When a bulk query is processed, Salesforce attempts to execute the query. If the query doesn’t execute within the standard two-minute timeout limit, the job fails and a QUERY_TIMEOUT error is returned. If this happens, rewrite a simpler query and resubmit the batch.
If the query succeeds, Salesforce attempts to retrieve the results. If the results exceed the 1 GB file size limit or take longer than 10 minutes to retrieve, the completed results are cached and another attempt is made. After 15 attempts, the job fails and the error message Retried more than fifteen times is returned. If this happens, consider using the PK Chunking header to split the query results into smaller chunks. (More on PK chunking in a subsequent unit.) If the attempts succeed, the results are returned and stored for seven days.
Say you’ve followed coding best practices and worked with Salesforce Customer Support to place custom indexes wherever appropriate, but you’re still encountering performance problems. Users are complaining about their reports and dashboards timing out, and the SOQL called from your Visualforce page is performing slower and slower. If you desperately need to further improve performance, there’s a special, powerful solution: skinny tables.
A skinny table is a custom table in the Force.com platform that contains a subset of fields from a standard or custom base Salesforce object. Force.com can have multiple skinny tables if needed, and maintains them and keeps them completely transparent to you.
By having narrower rows and less data to scan than the base Salesforce object, skinny tables allow Force.com to return more rows per database fetch, increasing throughput when reading from a large object, as this diagram shows:
Also, skinny tables don’t include soft-deleted rows (i.e., records in the Recycle Bin with isDeleted = true), which often reduces the table volume. Custom indexes on the base table are also replicated, and they usually perform better because of the reduced table joins that happen in the underlying database queries.
Here’s an example of how a skinny table can speed up queries. Instead of using a date range like 01/01/16 to 12/31/16—which entails an expensive, repeated computation to create an annual or year-to-date report—you can use a skinny table to include a Year field and to filter on Year = '2016.'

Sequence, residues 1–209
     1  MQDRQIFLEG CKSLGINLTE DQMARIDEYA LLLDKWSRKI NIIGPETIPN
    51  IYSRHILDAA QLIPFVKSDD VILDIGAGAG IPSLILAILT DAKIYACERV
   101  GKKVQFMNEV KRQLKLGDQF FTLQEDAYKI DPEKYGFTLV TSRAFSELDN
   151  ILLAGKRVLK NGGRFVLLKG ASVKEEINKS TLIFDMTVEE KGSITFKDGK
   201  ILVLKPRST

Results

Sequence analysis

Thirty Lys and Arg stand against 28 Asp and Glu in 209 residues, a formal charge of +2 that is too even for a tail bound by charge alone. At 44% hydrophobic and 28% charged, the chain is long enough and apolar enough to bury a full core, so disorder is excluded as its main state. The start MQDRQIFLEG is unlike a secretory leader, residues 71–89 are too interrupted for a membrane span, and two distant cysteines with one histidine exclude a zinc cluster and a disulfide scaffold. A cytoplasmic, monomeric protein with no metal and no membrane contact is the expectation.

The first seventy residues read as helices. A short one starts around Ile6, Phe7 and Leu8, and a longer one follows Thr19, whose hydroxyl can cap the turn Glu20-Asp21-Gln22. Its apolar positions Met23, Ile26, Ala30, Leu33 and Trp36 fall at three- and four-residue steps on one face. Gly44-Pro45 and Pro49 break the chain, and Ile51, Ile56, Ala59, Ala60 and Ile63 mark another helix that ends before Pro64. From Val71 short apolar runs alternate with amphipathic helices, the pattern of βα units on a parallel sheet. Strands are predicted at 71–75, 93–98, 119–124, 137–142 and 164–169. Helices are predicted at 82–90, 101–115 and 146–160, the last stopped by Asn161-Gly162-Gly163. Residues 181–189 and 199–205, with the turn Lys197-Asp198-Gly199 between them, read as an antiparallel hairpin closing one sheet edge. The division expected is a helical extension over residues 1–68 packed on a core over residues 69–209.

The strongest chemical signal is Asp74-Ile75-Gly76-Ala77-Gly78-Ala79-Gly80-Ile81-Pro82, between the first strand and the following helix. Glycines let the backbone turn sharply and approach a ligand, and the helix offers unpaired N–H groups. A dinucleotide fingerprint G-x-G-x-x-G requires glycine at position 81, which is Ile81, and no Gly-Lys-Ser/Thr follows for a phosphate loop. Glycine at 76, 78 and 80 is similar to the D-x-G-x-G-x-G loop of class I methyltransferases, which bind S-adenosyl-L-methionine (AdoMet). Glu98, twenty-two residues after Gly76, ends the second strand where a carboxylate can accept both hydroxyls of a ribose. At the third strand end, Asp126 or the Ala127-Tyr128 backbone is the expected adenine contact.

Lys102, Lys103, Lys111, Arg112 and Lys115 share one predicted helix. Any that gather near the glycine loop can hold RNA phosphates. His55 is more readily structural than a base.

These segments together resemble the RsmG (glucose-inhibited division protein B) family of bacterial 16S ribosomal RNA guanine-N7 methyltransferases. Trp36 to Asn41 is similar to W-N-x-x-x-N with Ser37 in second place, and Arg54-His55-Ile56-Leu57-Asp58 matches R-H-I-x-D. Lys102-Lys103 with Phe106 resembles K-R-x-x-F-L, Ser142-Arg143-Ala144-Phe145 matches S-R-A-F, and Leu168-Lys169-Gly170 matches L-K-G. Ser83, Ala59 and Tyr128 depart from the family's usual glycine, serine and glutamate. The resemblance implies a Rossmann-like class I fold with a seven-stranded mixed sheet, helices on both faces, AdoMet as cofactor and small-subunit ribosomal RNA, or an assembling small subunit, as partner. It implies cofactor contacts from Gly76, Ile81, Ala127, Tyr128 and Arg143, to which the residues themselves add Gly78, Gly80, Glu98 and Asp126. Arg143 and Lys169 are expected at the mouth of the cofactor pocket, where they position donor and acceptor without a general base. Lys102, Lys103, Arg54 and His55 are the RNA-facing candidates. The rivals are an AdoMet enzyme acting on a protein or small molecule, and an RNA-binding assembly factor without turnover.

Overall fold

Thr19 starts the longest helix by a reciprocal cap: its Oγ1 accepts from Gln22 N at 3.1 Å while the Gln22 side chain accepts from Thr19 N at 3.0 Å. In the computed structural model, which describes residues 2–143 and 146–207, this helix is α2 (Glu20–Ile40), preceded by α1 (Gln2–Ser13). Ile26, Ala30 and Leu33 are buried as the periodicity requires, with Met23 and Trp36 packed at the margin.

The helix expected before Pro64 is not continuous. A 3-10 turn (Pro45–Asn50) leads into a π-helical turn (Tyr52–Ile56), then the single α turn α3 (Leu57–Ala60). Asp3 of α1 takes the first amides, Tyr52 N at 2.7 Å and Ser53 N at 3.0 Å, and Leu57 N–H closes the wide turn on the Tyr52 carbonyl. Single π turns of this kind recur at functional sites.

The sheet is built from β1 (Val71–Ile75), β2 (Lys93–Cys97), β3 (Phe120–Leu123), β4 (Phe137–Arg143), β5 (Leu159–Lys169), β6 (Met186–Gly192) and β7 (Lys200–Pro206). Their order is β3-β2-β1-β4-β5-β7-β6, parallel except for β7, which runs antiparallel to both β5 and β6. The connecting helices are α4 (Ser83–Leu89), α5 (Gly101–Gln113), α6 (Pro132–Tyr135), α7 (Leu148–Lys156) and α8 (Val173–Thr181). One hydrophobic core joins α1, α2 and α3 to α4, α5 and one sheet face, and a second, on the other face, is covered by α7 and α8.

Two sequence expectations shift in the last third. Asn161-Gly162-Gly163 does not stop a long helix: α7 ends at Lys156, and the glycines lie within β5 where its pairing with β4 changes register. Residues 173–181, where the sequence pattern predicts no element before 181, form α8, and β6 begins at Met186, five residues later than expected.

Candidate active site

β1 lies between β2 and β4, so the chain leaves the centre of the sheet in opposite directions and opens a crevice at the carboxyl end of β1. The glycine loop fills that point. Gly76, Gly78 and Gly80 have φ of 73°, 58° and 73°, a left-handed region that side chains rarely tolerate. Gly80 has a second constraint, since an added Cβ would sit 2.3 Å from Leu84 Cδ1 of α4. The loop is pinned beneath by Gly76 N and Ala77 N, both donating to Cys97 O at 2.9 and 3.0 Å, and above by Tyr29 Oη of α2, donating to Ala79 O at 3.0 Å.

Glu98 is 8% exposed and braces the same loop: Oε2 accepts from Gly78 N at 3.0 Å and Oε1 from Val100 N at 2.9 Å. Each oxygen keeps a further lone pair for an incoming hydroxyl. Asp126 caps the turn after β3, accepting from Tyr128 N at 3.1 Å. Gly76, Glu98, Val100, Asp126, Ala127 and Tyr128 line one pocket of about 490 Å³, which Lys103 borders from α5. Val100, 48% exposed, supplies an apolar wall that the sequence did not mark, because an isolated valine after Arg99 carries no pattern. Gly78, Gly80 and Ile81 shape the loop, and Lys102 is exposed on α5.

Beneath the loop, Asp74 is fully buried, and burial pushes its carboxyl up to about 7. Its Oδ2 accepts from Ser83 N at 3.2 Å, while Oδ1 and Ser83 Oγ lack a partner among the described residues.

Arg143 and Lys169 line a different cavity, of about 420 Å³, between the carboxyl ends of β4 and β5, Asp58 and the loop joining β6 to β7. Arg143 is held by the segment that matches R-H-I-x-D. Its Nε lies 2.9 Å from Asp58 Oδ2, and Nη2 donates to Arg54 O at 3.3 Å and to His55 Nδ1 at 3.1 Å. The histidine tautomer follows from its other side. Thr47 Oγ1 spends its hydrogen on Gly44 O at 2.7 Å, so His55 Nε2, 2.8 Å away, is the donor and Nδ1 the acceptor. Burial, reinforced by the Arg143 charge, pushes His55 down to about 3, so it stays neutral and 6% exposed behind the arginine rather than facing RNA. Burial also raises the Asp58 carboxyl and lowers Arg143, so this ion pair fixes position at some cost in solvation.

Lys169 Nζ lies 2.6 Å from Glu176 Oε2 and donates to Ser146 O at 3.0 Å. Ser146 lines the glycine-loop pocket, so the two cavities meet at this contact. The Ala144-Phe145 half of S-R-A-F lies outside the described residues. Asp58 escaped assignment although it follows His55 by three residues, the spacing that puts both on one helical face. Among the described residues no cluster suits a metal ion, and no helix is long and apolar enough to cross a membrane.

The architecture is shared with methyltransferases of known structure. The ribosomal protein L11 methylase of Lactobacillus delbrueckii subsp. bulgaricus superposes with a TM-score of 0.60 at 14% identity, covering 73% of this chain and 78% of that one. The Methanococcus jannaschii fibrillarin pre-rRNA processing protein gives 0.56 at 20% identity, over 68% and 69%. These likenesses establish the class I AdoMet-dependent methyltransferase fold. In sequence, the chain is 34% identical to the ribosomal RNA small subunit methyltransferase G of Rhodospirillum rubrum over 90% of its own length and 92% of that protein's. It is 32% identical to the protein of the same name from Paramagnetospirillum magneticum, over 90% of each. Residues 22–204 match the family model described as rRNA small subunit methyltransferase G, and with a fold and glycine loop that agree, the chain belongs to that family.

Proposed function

The Force.com platform automatically synchronizes the rows between the base object and the skinny table, so the data is always kept current. The Force.com platform determines at query runtime when it would make sense to use skinny tables, so you don’t have to modify your reports or develop any Apex code or API calls.
Skinny tables are most useful with tables containing millions of records. They can be created on custom objects, and on Account, Contact, Opportunity, Lead, and Case objects. And they can enhance performance for reports, list views, and SOQL.
Skinny tables can be a convenient means of remedying performance issues. But they might not accommodate all use cases, or improve performance more than reading from the base Salesforce object with efficient indexes. They come with side effects you should understand, because they might restrict or burden your business processes.
Here are a few things to consider before implementing skinny tables:
Skinny tables are skinny. To ensure optimal performance, they contain only the minimum set of fields required to fulfill specific business use cases. If you later decide to add a field to your report or SOQL query, you must contact Salesforce Customer Support to re-create the table.
Skinny tables don’t get copied over to sandbox organizations. This limitation might not be an issue for you, but to keep your production and sandbox environments consistent, you must track your changes and work with Salesforce Customer Support to keep your environments in sync.
Skinny tables are custom tables in the underlying Force.com database. They don’t have the dynamic metadata flexibility you find in the base object. If you alter a field type (for example, change a number field to a text field) the skinny table becomes invalid, and you must contact Salesforce Customer Support to create a new skinny table.
Now that you have a few tools for speeding up searches involving large data volumes, continue to the next unit for the lowdown on data loads.
- Long- and Short-Term Approaches for Tuning Force.com Performance
- Working with Very Large SOQL Queries
- Force.com SOQL Best Practices: Nulls and Formula Fields
- Force.com SOQL and SOSL Reference
- How Bulk Queries Are Processed
- Best Practices for Deployments with Large Data Volumes
- Walk Through a Bulk Query Sample
- Query & Search Optimization Cheat Sheet